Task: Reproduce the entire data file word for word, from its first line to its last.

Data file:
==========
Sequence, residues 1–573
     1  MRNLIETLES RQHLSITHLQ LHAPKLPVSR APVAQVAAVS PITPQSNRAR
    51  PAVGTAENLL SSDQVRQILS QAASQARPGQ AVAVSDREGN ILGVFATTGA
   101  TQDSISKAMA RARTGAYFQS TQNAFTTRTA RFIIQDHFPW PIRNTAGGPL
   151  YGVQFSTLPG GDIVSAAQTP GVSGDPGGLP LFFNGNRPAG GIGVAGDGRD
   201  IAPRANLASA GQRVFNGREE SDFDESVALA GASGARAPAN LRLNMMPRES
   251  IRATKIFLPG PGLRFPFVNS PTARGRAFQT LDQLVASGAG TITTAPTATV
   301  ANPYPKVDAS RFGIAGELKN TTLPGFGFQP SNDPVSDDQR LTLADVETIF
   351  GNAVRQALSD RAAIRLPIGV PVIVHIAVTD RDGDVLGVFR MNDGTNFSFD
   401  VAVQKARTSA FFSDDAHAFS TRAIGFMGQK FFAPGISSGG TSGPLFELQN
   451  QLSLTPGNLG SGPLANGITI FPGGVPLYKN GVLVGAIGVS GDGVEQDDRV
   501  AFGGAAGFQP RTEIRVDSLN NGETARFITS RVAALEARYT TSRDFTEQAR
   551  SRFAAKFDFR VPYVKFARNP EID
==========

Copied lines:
Sequence, residues 1–573
     1  MRNLIETLES RQHLSITHLQ LHAPKLPVSR APVAQVAAVS PITPQSNRAR
    51  PAVGTAENLL SSDQVRQILS QAASQARPGQ AVAVSDREGN ILGVFATTGA
   101  TQDSISKAMA RARTGAYFQS TQNAFTTRTA RFIIQDHFPW PIRNTAGGPL
   151  YGVQFSTLPG GDIVSAAQTP GVSGDPGGLP LFFNGNRPAG GIGVAGDGRD
   201  IAPRANLASA GQRVFNGREE SDFDESVALA GASGARAPAN LRLNMMPRES
   251  IRATKIFLPG PGLRFPFVNS PTARGRAFQT LDQLVASGAG TITTAPTATV
   301  ANPYPKVDAS RFGIAGELKN TTLPGFGFQP SNDPVSDDQR LTLADVETIF
   351  GNAVRQALSD RAAIRLPIGV PVIVHIAVTD RDGDVLGVFR MNDGTNFSFD
   401  VAVQKARTSA FFSDDAHAFS TRAIGFMGQK FFAPGISSGG TSGPLFELQN
   451  QLSLTPGNLG SGPLANGITI FPGGVPLYKN GVLVGAIGVS GDGVEQDDRV
   501  AFGGAAGFQP RTEIRVDSLN NGETARFITS RVAALEARYT TSRDFTEQAR
   551  SRFAAKFDFR VPYVKFARNP EID